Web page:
There are some iconic images on the Denver skyline … but what about the turns and nooks and crannies that the average passerby would not see if just casually walked by?
DENVER – The growth of a city can be seen through all types of lenses. Some find a changing skyline exciting, others disruptive.
“It changes history and shows us the different types of growth and development,” said Samantha Johnston, executive director of the Colorado Photographic Arts Center, which has been in Denver for 55 years.
The center recently partnered with the Denver Architecture Foundation to put together an online photo contest and exhibit called Y / OUR Denver. The show’s 30 photos, by 28 different photographers, feature some iconic buildings like the state’s Capitol building, as well as others that may not be as well known. Many of the photos show angles and curves that most may not see when walking by.
“I hope it will educate people about the incredible beauty and richness of our architecture, its history and how much we have to celebrate,” said Pauline Herrera Serianni, executive director of the Denver Architecture Foundation. “It’s part of the growth of our city – architecture is getting better because we can attract more international architects and that way really increase the city’s architectural inventory.”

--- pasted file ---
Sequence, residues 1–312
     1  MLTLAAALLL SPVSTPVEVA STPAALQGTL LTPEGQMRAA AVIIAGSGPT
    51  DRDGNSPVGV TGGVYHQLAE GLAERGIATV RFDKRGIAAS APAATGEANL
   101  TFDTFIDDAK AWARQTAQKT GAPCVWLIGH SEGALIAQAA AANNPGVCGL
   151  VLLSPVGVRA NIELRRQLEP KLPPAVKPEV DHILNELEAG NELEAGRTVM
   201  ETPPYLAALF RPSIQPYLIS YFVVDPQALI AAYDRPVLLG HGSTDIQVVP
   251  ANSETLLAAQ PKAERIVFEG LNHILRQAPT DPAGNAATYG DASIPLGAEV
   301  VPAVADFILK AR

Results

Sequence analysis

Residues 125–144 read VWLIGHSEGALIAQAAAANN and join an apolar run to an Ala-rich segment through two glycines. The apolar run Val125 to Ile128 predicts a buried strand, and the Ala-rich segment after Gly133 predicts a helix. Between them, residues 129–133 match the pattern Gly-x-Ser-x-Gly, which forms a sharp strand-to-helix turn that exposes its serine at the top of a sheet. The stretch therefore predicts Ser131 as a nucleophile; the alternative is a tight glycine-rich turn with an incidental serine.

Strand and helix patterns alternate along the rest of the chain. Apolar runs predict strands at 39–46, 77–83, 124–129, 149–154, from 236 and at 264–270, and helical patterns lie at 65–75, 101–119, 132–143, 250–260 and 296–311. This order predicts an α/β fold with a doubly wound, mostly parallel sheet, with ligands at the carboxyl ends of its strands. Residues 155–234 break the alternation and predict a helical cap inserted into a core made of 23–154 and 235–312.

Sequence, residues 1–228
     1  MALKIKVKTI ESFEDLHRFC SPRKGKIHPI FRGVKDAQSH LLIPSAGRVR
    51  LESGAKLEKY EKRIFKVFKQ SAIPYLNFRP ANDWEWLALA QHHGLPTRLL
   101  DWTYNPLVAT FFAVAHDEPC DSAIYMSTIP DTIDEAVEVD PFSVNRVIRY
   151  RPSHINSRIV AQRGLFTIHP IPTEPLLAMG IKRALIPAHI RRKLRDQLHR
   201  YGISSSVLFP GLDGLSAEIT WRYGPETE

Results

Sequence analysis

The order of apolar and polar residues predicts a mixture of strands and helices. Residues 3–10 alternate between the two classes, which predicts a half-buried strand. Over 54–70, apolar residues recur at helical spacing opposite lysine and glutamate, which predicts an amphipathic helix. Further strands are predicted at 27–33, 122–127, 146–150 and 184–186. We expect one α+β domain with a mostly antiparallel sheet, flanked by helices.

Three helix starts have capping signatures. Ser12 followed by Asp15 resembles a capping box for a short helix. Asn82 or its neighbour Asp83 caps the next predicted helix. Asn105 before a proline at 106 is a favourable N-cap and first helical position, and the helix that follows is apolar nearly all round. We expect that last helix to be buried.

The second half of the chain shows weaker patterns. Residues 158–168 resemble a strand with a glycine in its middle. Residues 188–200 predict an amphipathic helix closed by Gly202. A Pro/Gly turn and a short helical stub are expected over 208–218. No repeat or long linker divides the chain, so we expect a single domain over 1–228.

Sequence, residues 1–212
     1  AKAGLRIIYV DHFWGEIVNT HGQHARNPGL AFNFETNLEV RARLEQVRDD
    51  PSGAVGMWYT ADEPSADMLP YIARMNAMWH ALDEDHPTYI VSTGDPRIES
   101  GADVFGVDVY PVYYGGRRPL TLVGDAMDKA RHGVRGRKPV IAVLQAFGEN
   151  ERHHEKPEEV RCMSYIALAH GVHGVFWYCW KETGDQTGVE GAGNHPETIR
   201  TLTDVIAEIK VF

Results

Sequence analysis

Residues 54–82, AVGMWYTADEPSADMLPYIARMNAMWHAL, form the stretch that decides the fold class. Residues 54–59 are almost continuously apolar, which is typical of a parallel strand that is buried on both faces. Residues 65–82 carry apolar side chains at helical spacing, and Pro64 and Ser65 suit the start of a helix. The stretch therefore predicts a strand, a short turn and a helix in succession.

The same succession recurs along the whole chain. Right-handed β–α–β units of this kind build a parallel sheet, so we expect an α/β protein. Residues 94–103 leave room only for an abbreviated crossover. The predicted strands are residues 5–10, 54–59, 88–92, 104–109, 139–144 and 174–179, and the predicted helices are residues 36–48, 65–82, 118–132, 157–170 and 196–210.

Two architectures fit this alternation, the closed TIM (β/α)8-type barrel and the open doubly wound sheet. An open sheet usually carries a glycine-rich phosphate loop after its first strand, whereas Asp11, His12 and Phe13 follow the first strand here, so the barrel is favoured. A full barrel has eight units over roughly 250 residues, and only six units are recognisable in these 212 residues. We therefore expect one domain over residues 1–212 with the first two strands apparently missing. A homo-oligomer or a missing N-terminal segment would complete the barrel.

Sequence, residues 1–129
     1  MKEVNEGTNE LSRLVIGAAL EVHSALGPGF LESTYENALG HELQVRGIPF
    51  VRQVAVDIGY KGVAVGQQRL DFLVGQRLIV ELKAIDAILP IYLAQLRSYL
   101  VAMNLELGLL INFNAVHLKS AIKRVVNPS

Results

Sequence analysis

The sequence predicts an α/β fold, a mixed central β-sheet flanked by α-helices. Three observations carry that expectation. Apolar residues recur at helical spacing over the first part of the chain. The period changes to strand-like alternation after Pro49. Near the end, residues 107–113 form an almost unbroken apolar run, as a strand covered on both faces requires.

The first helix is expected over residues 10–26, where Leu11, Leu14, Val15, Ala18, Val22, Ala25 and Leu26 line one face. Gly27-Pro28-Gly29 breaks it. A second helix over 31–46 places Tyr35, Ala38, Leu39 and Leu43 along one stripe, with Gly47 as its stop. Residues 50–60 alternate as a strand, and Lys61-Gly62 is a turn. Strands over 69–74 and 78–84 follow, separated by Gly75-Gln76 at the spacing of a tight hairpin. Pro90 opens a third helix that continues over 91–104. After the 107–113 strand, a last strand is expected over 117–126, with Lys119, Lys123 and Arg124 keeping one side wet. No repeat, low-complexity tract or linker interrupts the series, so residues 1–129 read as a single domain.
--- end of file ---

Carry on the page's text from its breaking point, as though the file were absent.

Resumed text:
The photo contest and exhibition are part of the Denver Architecture Foundation’s Doors Open Denver 2018 event, which opens more than 60 city buildings to attendees. Herrera Serianni said 11,000 people attended the event this year.
The photo contest is an extension of the event, and this year the foundation has partnered with the Colorado Photographic Arts Center for the first time. Johnston curated the show.
“It was really fun to see these different perspectives on these iconic buildings all over the city,” said Johnston.
Y / OUR Denver is an online-only exhibit that is free to view.
“It’s just a click of a few buttons and you’re on the website and then you can flip through it and sit in the comfort of your home,” said Johnston.
The exhibition can be viewed on the Colorado Photographic Arts Center website until December 31, 2018, and on the Denver Architecture Foundation website until February 28, 2019.